Chester, Pa.–Widener University has been named to the 2014 President’s Higher Education Community Service Honor Roll “With Distinction” in the General Community Service and Education Community Service categories. Widener has been named to the Honor Roll every year since its inception in 2006.
“It is truly an honor to be recognized year after year for our civic engagement efforts in the communities we serve,” said Widener University President James T. Harris III. “The real reward, however, is the partnerships with the community that these efforts create, the learning and personal growth opportunities they offer our students, and seeing how these efforts change the lives of the people they serve for the better.”
This year, Widener was recognized for four exemplary projects:
· The Widener Partnership Charter School: The first university-based charter school in Pennsylvania, WPCS currently serves about 450 students in grades K-8. The school takes a holistic approach focused on low student-to-teacher ratios for personalized instruction; a commitment to making music, art, drama, foreign language and physical and health education an integral part of the curriculum; fostering the social and emotional development of students; and partnership with families so that they are productively engaged in their child’s educational experience.
· The Chester Upland Soccer for Success Program: The U.S. Soccer Foundation developed the Soccer for Success Program to use soccer as a vehicle for positive social change. As the recipient of a grant from the U.S. Soccer Foundation, Widener’s Athletic Department, School of Nursing, and Center for Violence Prevention partner with the Philadelphia Union and other local organization to provide more than 700 youth in seven local schools with physical activity, nutrition education, mentoring, and family engagement opportunities.
· Widener School of Law Clinics: In 2012-13 Widener Law students enrolled in five clinics across two campuses, where they earned academic credit while using their developing legal skills to help domestic violence victims, the poor and community groups. Clinical programs included the Delaware Civil Clinic, the Pennsylvania Criminal Defense Clinic and the Veterans Law Clinic, all based on the Wilmington, Del. Campus; the Harrisburg Civil Clinic, based on the Harrisburg, Pa. campus; and the Environmental and Natural Resources Law Clinic, operating on both campuses. The Veterans Law Clinic was among the first of its kind in the nation. It assists disabled veterans and their dependents with appeals of benefit denials before the Department of Veteran Affairs, in addition to providing a host of services that address legal problems which can be impediments to veterans’ financial security. The clinic currently has about 225 clients and has recovered more than $6 million for its veteran clients, including $3.8 million in the last four years.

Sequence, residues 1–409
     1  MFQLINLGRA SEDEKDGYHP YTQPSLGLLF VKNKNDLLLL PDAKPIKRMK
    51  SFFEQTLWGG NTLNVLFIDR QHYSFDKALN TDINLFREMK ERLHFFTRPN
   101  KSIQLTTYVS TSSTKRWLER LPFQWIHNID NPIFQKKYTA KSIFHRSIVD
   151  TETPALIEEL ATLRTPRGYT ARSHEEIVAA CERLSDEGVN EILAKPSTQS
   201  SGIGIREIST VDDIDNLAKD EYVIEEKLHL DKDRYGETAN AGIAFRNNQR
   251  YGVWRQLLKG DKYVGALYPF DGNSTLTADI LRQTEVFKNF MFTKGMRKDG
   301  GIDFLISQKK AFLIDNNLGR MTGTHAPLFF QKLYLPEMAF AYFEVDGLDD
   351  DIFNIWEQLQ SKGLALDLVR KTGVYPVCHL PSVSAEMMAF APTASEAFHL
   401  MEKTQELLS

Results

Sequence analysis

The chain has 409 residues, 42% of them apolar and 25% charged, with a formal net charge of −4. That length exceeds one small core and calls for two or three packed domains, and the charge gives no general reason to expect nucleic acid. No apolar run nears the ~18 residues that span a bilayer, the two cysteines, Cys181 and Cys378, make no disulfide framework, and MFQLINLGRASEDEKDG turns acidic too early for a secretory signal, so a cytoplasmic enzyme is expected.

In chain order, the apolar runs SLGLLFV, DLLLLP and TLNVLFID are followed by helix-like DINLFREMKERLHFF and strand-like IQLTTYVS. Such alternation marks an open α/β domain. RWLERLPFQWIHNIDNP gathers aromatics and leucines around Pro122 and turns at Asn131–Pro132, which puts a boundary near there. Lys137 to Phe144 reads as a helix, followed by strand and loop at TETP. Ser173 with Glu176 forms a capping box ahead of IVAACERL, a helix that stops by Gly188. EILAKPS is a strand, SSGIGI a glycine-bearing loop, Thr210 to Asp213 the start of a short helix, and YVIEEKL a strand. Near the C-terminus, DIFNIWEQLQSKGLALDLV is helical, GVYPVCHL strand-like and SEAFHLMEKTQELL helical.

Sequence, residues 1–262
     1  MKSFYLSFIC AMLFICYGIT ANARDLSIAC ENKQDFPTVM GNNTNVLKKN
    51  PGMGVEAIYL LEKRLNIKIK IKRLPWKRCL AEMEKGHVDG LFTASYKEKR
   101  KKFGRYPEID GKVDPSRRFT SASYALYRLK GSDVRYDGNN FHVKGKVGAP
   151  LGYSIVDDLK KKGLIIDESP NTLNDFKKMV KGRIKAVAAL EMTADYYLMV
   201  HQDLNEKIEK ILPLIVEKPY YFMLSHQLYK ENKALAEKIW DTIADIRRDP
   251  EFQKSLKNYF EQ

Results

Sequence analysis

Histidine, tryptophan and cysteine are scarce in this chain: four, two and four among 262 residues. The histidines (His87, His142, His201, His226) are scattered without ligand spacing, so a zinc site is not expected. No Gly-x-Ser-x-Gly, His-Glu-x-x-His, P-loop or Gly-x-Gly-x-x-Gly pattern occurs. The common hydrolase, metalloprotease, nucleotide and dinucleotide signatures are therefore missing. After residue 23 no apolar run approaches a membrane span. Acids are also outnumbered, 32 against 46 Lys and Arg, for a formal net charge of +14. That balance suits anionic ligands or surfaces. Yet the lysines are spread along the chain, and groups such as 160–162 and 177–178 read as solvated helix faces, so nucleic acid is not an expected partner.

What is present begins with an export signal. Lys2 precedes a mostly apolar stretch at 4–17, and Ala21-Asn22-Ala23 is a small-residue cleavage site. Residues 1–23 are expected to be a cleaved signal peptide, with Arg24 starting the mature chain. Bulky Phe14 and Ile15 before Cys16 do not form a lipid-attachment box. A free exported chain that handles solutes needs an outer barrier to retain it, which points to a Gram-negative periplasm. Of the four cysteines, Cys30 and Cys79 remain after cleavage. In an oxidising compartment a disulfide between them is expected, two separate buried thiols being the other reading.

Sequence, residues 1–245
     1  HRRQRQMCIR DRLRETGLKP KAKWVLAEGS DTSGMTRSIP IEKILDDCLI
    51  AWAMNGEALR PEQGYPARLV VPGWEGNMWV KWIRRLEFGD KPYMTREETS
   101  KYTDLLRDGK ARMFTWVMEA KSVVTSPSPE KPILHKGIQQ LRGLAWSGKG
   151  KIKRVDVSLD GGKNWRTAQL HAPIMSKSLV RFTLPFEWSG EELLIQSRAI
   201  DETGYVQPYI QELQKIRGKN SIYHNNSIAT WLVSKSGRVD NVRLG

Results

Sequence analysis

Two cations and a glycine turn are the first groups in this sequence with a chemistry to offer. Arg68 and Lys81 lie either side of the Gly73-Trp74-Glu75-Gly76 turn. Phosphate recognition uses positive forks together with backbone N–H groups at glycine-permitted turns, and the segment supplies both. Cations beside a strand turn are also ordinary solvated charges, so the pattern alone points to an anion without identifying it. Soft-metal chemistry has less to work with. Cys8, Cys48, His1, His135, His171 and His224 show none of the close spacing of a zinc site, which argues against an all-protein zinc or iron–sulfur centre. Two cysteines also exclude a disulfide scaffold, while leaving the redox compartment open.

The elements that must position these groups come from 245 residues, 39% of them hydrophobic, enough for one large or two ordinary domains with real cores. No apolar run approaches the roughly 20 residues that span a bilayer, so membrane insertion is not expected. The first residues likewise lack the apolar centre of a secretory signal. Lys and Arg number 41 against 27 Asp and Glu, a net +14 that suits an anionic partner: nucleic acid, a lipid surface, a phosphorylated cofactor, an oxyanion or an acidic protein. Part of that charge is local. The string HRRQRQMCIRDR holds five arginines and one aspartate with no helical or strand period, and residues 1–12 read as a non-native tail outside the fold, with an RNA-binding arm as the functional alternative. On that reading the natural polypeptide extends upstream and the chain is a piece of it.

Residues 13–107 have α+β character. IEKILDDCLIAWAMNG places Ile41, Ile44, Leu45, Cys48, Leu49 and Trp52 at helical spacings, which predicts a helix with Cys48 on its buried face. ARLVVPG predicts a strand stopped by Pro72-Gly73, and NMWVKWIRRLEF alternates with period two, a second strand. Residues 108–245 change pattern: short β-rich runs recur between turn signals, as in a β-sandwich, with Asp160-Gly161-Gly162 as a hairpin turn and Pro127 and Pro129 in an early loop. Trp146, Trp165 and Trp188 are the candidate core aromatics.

· The College Access Center of Delaware County: In response to the immediate need to increase the percentage of Chester Upland School District college-bound students, Widener convened the presidents of five regional colleges and universities to discuss leveraging their collective resources. The result of this collaboration led to the College Access Center of Delaware County which opened in 2009. The mission of the CAC is to provide underserved residents with programs and activities to enhance their access to and success in postsecondary education. The first and only college access center in the county, it serves more than 1,000 residents annually.
A total of 766 higher education institutions were named to the 2014 President’s Higher Education Community Service Honor Roll. A full list of the honorees can be found at http://1.usa.gov/1vF8tK3.
“Service and higher education go hand in hand,” said Wendy Spencer, CEO of the Corporation for National and Community Service. “These schools are inspiring young leaders to roll up their sleeves and work alongside community members to solve programs. By recognizing the institutions who are leading the way to achieve meaningful, measurable results for the communities they serve, we also highlight the vital role all colleges and universities play in addressing community challenges and placing more students on a lifelong path of civic engagement.”
Inspired by the thousands of college students who traveled across the country to support relief efforts along the Gulf Coast after Hurricane Katrina, the President's Higher Education Community Service Honor Roll highlights the role college and universities play in solving community challenges. As a result, more students are likely to pursue a lifelong path of civic engagement that achieves meaningful and measurable outcomes in their communities.
The Corporation for National and Community Service (CNCS), the federal agency for volunteering and service, administers the initiative in collaboration with the U.S. Department of Education and the U.S. Department of Housing and Urban Development, as well as the American Council on Education, Campus Compact, and the Interfaith Youth Core.